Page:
New Clause 14 - Appropriate consent to transplantation activities when travelling abroad

Health and Care Bill – in a Public Bill Committee at 3:15 pm on 27th October 2021.

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“The Human Tissue Act 2004 is amended as follows—

(1) Section 32 (prohibition of commercial dealings in human material for transplantation) is amended as follows.

(2) In subsection (1), after paragraph (e) insert—

“(f) travels outside the United Kingdom and receives any controlled material, for the purpose of transplantation, where the material was obtained without—

(i) the free, informed and specific consent of a living donor, or

(ii) the free, informed and specific consent of the donor’s next of kin, where the donor is unable to provide consent;

(g) receives any controlled material for the purpose of transplantation for which, in exchange for the removal of organs—

(i) the living donor, or a third party, receives a financial gain or comparable advantage, or

(ii) from a deceased donor, a third party receives financial gain or comparable advantage.

“(1A) For the purposes of paragraphs (f) and (g) in subsection (1), it is immaterial whether the offence of dealing in controlled material for transplantation is caused by an act or an omission.

(1B) For the purposes of paragraph (g) in subsection (1), it is immaterial whether the acts or omissions which form part of the offence take place in the United Kingdom or elsewhere.

(1C) In subsection (1)(g), the expression “financial gain or comparable advantage” does not include compensation for loss of earnings and any other justifiable expenses caused by the removal or by the related medical examinations, or compensation in case of damage which is not inherent to the removal of organs.

(1D) Subsection (1F) applies if—

(a) no act which forms part of an offence under subsection (1) takes place in the United Kingdom, but

(b) the person committing the offence has a close connection with the United Kingdom.

(1E) For the purposes of subsection (1D)(b), a person has a close connection with the United Kingdom if, and only if, the person was one of the following at the time the acts or omissions concerned were done or made—

(a) a British citizen,

(b) a British overseas territories citizen,

(c) a British National (Overseas),

(d) a British Overseas citizen,

(e) a person who under the British Nationality Act 1981 was a British subject,

(f) a British protected person within the meaning of that Act,

(g) an individual ordinarily resident in the United Kingdom,

(h) a body incorporated under the law of any part of the United Kingdom,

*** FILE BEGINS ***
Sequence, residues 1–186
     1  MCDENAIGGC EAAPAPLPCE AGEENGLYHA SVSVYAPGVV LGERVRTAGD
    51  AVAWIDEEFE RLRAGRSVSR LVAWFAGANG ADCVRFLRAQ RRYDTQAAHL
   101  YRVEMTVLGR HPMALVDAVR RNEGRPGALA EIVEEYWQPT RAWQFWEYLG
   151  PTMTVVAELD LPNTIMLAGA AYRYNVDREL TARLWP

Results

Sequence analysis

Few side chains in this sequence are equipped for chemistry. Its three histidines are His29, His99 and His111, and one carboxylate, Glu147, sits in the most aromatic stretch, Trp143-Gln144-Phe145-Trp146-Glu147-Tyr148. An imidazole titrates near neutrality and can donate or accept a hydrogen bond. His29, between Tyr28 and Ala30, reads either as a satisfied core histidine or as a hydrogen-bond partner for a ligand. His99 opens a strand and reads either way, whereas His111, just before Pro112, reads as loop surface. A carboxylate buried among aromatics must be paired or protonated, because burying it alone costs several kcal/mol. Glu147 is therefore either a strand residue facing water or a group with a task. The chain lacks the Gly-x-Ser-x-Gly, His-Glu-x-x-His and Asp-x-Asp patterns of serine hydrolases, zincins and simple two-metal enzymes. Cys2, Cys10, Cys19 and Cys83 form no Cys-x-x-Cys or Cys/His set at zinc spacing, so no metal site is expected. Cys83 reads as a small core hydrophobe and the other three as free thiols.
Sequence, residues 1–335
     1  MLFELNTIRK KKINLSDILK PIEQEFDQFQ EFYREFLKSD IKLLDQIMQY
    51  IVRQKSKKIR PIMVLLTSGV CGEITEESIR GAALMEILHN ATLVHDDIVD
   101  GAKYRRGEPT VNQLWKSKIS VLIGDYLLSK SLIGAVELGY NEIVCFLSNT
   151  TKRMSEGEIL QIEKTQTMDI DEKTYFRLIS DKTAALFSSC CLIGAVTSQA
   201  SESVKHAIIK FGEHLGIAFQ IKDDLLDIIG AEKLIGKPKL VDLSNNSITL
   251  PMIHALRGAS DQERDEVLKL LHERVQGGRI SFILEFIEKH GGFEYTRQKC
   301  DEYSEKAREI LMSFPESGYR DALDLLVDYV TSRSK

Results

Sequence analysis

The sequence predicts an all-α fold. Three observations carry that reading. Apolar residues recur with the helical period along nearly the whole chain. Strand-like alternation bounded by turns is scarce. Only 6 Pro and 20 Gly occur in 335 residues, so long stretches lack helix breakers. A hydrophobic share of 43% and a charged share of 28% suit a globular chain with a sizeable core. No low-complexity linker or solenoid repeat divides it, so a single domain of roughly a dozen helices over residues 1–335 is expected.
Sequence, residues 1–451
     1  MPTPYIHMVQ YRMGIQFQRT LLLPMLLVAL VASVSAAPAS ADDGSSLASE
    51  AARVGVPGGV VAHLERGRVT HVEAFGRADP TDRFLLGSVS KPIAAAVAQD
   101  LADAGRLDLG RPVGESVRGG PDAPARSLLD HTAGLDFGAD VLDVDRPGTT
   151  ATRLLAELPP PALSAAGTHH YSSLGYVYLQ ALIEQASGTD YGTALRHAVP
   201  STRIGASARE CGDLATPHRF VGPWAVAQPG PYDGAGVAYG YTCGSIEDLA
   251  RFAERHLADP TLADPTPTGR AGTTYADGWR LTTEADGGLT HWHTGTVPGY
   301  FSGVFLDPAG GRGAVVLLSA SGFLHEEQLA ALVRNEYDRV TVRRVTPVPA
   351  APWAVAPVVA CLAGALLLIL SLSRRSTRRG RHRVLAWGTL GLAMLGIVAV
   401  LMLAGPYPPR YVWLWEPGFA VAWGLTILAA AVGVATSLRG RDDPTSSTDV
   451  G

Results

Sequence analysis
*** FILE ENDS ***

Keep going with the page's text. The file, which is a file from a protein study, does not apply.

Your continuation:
(i) a Scottish partnership.

(1F) In such a case, proceedings for the offence may be taken in any criminal court in England and Wales or Northern Ireland.”

(4) In subsection (3), after “subsection (1)” insert “(a) to (e)”.

(5) In subsection (4), after “subsection (1)” insert “(a) to (e)”.

(6) After subsection (4) insert—

“(4A) A person guilty of an offence under subsection (1)(f) or (1)(g) shall be liable—

(a) on summary conviction—

(i) to imprisonment for a term not exceeding 12 months,

(ii) to a fine not exceeding the statutory maximum, or

(iii) to both;

(b) on conviction on indictment—

(i) to imprisonment for a term not exceeding 9 years,

(ii) to a fine, or

(iii) to both.”

(7) Section 34 (information about transplant operations) is amended as follows.

(8) After subsection (2) insert—

“(2A) Regulations under subsection (1) must require specified persons to—

(a) keep patient identifiable records for all instances of UK citizens who have received transplant procedures performed outside the United Kingdom; and

(b) report instances of transplant procedures performed on UK citizens outside the United Kingdom to NHS Blood and Transplant.

(2B) Regulations under subsection (1) must require NHS Blood and Transplant to produce an annual report on instances of UK citizens receiving transplant procedures outside the United Kingdom.””.—

Brought up, and read the First time.

Photo of Alex Norris Alex Norris Shadow Minister (Health and Social Care)

I beg to move, That the clause be read a Second time.

Photo of Steve McCabe Steve McCabe Labour, Birmingham, Selly Oak

With this it will be convenient to discuss new clause 15—Regulation of the public display of imported cadavers—

“The Human Tissue Act 2004 is amended as follows—

In subsections (5)(a), (6)(a) and (6)(b) of section 1 (authorisation of activities for scheduled purposes) after “imported” insert “other than for the purpose of public display

Photo of Alex Norris Alex Norris Shadow Minister (Health and Social Care)